You might think it’s unusual that, almost immediately after the Budget and with the current tax year almost over, we’re recommending that you submit your tax return.
However, the facts speak for themselves – filing your Self Assessment just short of the deadline is a dangerous game. HMRC is under pressure, you may not have the documents you need, and it doesn’t exactly leave you much time to save for your tax bill.
Filing in April, on the other hand, solves all of the above and steers you clear of any late-filing penalties. But don’t just take our word for it. We’ve asked Mike Parkes from GoSimpleTax to explain the benefits of filing early in full detail below, along with details on how to claim your member discount.
Give yourself time
Although it occurs every year, almost a million people missed the Self Assessment tax return deadline for 2018-2019. More than 700,000 submitted on deadline day, 31 January 2020. Most of them haven’t forgotten, they’ve just underestimated the time it takes to register.
HMRC’s customer service team is already run off their feet in January, and supplying you with a UTR code and registering you for their online services isn’t a quick job. They send you the activation code you need to log on via post, which also takes some time. And you can’t skip any stage of the enrollment.
What’s more, if you also want to reduce your tax liability through allowances, you also need to find all of the information and paperwork necessary. Expenses, invoices, receipts, and bank statements are hard to track if you’re submitting in January, almost two years after the tax year you’re filing for.
Avoid the rush
HMRC aren’t the only ones exhausted in the lead-up to the Self Assessment deadline. The postal service will also be struggling under the weight of the holiday-season rush – as will your accountants before they enter their busiest period. By being proactive and filing when last year’s accounts are still relatively fresh in your mind, you can avoid a lot of unnecessary stress.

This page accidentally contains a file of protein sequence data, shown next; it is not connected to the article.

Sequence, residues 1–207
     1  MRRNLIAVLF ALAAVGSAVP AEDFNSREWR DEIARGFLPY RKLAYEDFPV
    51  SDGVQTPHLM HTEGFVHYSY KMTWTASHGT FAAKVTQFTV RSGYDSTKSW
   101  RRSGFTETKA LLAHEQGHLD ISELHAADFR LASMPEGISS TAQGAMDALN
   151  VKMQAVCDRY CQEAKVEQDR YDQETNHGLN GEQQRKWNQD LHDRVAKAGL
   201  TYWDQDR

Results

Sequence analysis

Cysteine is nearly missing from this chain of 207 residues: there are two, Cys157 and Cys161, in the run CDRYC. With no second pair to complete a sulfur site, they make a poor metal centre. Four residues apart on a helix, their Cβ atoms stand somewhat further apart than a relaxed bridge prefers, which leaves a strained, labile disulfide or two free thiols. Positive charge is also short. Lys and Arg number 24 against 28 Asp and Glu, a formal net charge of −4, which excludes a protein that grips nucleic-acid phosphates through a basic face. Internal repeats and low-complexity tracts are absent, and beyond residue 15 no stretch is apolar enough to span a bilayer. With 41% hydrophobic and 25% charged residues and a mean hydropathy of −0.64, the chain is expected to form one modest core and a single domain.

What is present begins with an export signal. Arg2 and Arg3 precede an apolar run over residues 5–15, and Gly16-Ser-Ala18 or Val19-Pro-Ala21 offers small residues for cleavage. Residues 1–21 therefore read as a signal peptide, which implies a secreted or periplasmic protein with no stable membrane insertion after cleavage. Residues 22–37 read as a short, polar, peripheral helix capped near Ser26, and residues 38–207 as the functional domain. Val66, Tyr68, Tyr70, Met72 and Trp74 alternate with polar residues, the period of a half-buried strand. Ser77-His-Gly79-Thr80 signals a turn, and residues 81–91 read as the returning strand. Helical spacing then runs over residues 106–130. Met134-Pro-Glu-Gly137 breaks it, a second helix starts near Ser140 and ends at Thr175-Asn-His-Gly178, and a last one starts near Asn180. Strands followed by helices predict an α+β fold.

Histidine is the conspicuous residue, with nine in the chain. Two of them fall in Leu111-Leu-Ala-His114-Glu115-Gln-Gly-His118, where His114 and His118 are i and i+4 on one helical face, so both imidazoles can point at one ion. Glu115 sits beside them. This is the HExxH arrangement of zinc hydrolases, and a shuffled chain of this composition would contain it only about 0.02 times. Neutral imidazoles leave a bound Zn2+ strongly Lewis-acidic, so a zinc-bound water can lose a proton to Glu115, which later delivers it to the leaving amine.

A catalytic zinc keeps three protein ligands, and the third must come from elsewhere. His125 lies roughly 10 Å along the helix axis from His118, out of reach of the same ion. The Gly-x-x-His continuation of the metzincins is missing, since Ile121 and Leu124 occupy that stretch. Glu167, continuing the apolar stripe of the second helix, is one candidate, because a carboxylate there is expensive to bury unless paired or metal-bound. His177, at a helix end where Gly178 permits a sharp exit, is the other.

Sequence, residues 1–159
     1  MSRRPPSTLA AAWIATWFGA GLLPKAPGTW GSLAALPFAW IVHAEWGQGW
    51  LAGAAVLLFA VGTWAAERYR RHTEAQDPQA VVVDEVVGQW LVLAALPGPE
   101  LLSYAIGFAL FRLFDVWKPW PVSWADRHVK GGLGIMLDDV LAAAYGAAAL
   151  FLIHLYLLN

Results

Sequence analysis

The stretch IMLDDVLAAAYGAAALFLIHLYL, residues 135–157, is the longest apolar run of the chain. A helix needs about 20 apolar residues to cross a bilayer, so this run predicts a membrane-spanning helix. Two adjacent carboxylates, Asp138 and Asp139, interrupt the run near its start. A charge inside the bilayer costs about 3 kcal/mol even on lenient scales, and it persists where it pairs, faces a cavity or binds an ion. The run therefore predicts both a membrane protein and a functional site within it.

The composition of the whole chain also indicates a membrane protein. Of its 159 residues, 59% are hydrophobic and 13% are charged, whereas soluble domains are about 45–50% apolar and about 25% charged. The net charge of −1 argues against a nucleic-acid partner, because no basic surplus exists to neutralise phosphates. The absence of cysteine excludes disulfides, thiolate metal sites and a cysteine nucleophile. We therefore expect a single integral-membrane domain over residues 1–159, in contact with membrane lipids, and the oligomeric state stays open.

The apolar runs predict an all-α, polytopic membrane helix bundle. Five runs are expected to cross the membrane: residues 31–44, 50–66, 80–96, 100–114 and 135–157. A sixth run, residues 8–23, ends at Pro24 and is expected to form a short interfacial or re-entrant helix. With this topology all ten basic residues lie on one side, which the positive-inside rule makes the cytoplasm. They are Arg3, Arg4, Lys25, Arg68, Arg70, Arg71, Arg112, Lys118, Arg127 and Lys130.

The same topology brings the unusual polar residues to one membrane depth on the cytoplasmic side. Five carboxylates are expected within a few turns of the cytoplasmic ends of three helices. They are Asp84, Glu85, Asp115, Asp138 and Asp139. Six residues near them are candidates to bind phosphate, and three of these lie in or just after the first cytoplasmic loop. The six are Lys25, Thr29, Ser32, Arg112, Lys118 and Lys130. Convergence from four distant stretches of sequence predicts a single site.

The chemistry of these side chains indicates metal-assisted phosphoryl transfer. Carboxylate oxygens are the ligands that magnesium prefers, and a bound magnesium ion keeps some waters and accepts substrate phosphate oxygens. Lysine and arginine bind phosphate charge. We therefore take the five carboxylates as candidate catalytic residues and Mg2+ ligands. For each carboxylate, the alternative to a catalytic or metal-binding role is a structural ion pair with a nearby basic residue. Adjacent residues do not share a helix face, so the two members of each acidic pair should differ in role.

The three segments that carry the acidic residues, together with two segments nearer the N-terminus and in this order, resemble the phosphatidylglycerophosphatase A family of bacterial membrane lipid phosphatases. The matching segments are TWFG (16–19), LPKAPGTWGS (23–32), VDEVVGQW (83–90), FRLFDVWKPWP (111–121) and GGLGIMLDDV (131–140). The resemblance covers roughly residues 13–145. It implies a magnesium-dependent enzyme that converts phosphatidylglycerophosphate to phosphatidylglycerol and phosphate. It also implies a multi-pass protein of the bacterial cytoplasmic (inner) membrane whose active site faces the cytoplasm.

As an on-demand driver, your time is money, quite literally. Wouldn’t you rather be earning money with the energy and time you’d otherwise waste chasing down accountants and pulling together the paperwork in the last minute?
Also, the anxiety of leaving your tax bill to the very last second can impact your productivity and drain your resources. Devoting yourself to your taxes in January – a slow time for most individuals anyway – can harm your motivation and finances.
Manage your cash flow
Filing early does have its financial perks. For example, if you’d overpaid in your previous year, HMRC will notify you and will return what they owe you within a few weeks.
An early tax bill isn’t such a bad thing for the rest of us, either. Your cash flow will be better-informed for the new tax year, and you can allocate resources with more confidence.
Remember, your tax bill isn’t due until 31 January of the following year. Filing early just gives you that visibility over what you owe. Effectively, all you’re doing is giving yourself the heads-up to allow for better budgeting.
Finally, the most important benefit: if you get your Self Assessment tax return out of the way, you avoid the late-filing penalties. No, there’s not just one.
Firstly, you’ll receive an instant £100 fine if you miss the 31 January deadline. For the next three months, if you still haven’t filed, you’ll be charged £10 a day for up to 90 days. After that, you’ll face an additional £300 fine (or 5% of the tax you owe – whichever is greater). And there’s more: if you still haven’t filed within a year, they’ll you’ll be issue this last fine once more. At this point, HMRC may believe you’re intentionally delaying your filing and they may charge you an additional 100% of the owed tax.